Them's fighting words

Ottawa Senators tough guy Brian McGrattan, seen here going at it with Toronto Maple Leafs' Wade...

Ottawa Senators tough guy Brian McGrattan, seen here going at it with Toronto Maple Leafs' Wade Belak last season, says there is still a place for fighters in the new NHL. (Toronto Sun File/Greg Henkenhaf)

CHRIS STEVENSON -- Ottawa Sun

, Last Updated: 12:23 PM ET

"DEATH OF THE GOON"

-- Headline on the current edition of The Hockey News

For Senators enforcer, Brian McGrattan, those are fighting words.

McGrattan is willing to fight for his place in the game, both literally and figuratively. He was the NHL's busiest scrapper last season with 19 dates on his dance card in his rookie season.

The Hockey News does one of these "Fighting Is Dead (Dying) (or On The Decline)" pieces every year, but every year fighting keeps coming off the mat like Rocky.

"I think (fighting) will always have a place in the game. I don't think people are talking about that. I completely disagree with them," said McGrattan.

Now, McGrattan doesn't exactly have an unbiased opinion in this since we're talking about his raison d'etre.

But I'll take his back on this one.

Myself, I love a good hockey scrap and I'm not ashamed to admit it. I don't think I'm in the minority either, though it seems to have become unfashionable in the media to admit it.

Personally, I enjoy seeing two tough guys drop the buckets and go. The Hockey News argues that a fight like the one between McGrattan and the Maple Leafs' Wade Belak in the Ottawa home opener "was one of those meaningless bouts which occurred early in the second period ... It took place away from the play and, apparently, for no reason other than that is what both men are paid to do -- fight."

And I say, yeah, so what's your point?

I've seen enough NHL games where if it wasn't for a scrap, there wouldn't have been much evidence a game was actually happening.

"If a team is down and comes out flat, right off the hop if you get a good tilt, I think it sparks emotion for the crowd and the team," said McGrattan.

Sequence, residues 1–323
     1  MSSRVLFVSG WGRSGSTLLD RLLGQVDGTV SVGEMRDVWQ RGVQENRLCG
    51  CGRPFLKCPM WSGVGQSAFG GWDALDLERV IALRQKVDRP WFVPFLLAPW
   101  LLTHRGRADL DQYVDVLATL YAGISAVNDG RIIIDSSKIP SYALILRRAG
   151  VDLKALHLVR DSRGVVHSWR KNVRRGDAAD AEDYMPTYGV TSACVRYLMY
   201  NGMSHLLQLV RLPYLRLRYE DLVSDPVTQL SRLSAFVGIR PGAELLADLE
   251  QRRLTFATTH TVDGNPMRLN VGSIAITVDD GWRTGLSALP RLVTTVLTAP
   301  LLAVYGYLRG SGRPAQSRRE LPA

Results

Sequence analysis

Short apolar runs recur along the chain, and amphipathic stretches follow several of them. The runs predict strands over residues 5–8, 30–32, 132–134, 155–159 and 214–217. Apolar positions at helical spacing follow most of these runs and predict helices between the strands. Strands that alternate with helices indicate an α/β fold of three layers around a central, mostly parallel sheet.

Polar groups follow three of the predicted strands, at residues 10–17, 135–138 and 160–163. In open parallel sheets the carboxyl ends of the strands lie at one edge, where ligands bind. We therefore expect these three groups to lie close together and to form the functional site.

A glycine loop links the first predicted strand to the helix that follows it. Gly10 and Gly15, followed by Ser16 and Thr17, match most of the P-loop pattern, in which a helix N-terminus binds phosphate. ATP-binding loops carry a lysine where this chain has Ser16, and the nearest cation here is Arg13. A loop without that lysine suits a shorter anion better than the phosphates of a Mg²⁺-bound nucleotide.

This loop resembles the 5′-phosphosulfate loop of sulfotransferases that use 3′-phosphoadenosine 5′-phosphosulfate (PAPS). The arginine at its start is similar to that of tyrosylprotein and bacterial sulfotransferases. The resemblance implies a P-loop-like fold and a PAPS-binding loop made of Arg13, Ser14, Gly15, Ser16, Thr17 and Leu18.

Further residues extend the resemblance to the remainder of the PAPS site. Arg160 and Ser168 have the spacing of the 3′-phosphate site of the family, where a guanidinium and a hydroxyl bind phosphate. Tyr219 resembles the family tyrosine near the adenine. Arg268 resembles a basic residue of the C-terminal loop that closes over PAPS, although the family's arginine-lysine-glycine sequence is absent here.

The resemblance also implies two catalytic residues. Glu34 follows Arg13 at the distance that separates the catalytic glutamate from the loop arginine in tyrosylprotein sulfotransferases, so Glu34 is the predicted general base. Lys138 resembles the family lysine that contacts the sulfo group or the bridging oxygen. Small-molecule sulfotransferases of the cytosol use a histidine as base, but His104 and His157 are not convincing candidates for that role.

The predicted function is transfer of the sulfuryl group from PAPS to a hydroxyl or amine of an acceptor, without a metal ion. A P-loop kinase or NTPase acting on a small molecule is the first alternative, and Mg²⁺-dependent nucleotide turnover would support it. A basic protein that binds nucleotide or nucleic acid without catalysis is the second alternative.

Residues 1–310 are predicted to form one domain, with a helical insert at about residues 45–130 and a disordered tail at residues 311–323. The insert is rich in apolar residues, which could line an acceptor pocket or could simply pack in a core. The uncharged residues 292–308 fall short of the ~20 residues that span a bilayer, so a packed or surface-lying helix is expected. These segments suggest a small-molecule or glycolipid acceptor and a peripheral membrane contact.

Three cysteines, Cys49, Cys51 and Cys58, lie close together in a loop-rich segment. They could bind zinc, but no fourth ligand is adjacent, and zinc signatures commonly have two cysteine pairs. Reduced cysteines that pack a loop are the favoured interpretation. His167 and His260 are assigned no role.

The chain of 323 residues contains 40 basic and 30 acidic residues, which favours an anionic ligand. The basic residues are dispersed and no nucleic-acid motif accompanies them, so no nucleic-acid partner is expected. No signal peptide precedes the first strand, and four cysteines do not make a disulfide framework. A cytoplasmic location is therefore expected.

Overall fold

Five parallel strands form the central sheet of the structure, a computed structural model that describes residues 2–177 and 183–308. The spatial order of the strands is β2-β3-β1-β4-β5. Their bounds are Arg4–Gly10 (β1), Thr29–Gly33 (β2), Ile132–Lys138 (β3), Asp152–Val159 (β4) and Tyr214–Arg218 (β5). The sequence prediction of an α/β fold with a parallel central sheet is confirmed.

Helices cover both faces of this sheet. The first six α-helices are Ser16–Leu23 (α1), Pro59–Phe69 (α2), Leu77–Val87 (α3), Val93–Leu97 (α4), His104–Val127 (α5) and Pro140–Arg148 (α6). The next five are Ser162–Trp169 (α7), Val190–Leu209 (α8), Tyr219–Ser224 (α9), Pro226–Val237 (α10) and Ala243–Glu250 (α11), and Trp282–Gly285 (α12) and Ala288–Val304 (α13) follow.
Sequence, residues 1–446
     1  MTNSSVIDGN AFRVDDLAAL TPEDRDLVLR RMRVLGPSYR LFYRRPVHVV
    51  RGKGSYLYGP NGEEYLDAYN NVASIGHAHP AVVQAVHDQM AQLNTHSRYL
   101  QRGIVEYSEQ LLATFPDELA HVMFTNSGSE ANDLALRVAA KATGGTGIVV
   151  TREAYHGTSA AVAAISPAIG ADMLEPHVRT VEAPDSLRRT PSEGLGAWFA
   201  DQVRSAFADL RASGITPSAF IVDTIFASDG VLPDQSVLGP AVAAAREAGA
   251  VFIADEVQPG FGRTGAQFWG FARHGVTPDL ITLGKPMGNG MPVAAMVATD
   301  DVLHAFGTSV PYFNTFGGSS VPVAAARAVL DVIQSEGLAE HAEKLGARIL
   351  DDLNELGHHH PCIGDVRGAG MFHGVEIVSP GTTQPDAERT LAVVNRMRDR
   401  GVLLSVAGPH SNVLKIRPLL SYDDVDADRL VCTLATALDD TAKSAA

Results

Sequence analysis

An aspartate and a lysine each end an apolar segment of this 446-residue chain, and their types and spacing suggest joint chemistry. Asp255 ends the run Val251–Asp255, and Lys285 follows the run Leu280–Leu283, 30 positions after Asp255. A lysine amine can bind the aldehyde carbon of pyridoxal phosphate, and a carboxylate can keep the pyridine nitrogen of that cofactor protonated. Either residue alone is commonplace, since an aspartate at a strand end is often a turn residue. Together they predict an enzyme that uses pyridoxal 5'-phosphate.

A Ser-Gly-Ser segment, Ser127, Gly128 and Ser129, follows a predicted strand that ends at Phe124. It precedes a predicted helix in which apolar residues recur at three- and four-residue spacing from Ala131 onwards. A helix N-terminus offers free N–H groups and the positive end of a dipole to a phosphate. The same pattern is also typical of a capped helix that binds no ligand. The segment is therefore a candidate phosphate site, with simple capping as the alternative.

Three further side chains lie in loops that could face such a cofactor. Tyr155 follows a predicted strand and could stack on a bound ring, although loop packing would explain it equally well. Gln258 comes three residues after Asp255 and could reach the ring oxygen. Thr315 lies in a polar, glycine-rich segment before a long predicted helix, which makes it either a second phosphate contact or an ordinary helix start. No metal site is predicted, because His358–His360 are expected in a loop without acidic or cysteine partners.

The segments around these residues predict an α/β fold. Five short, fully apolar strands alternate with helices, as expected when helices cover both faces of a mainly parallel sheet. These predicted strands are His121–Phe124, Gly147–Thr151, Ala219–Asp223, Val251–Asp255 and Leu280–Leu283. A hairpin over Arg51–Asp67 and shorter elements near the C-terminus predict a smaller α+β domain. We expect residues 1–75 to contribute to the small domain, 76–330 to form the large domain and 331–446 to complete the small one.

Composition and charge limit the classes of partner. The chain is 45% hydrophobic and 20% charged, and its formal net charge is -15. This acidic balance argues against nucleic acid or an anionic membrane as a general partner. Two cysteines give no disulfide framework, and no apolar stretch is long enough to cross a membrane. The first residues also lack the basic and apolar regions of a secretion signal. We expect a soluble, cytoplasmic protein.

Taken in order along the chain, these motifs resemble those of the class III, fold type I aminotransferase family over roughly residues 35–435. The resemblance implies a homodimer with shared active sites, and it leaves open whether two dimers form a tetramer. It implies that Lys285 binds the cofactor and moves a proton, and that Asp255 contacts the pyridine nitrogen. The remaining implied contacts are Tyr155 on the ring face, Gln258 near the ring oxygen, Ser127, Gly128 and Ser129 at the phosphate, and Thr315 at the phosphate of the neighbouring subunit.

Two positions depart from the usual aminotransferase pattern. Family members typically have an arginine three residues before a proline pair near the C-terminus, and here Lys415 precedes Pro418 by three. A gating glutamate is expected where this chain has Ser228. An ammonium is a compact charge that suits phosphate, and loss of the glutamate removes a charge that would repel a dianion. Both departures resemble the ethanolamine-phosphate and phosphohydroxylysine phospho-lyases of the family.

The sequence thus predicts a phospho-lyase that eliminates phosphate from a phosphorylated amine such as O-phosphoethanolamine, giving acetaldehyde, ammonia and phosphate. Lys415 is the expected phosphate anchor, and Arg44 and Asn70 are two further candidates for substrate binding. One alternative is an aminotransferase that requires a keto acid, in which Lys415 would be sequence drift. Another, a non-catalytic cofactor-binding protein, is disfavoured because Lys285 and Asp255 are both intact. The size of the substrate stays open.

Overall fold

"I just totally disagree with everybody who is saying it's on the way out. I just don't believe that. I think the guys who are on the way out are the ones who can only fight. If you can play a good role on your team and be a good team player and add the quality of fighting, I don't think it's ever going to leave the game."

Not to mention most of the guys who would qualify as tough guys are usually running around the rink trying to hit somebody. That's what they do and the game is better for it.

Their presence pretty much assures most of the mayhem will be initiated and dealt with by them.

"It's not just fighting," said McGrattan. "There's intimidation and you stick up for guys. A guy gets run from behind or speared when you're up 5- or 6-1, you go take care of it. The guys on the first and second lines can play with ease knowing if somebody takes a run at them, their guy is going to take care of it.

"All these people who say fighting doesn't have a place, I completely disagree with that. I don't think it's dying, personally."

Every sport has its violent warts.

Seeing two tough guys go at it with bare knuckles, for me, is more appealing than say, seeing a guy like Tennessee Titan Albert Haynesworth stomp another huge guy in the head like Andre Gurode of the Dallas Cowboys with a foot full of cleats.

Or a pitcher whip a baseball at a guy's head.

The presence of guys like McGrattan, in my opinion, rather than increase the violence in hockey, limits it.

"You see a lot less of it if you have some guys who can take care of business," said Senator Chris Neil, who had a good go with Montreal Canadien Aaron Downey on Saturday night. "You don't want guys taking liberties with your skilled guys."

"If fighting goes, that's when all the stickwork is going to come in. If you look at NCAA hockey, watch one of those games, everybody is getting pitch-forked and slashed. That's when all the dirty stuff is going to happen," said McGrattan. "Look at this league now. The odd guy will do something stupid. I think if fighting wasn't in the game, there would be a lot more stickwork and there would be a lot of guys handing out cheapshots. That stuff doesn't happen too much if there are guys in the lineup that will back it up and be there for the guys who are getting hurt and whacked at."

Truth is, the people who really matter in the argument about fighting in hockey --the fans -- don't seem to mind it.

"The fans absolutely love it," said McGrattan. "I bet you if you asked everybody who came through the gate if they like a good fight, not one of them will say no."

BRAWLERS

List of top fighters by numbers in the NHL last season.

1. Brian McGrattan, Ottawa, 19 (1) 2. George Parros, L.A., 18 (0) 3. Derek Boogaard, Minnesota, 16 (1) 4. Steve Ott, Dallas, 16 (0)


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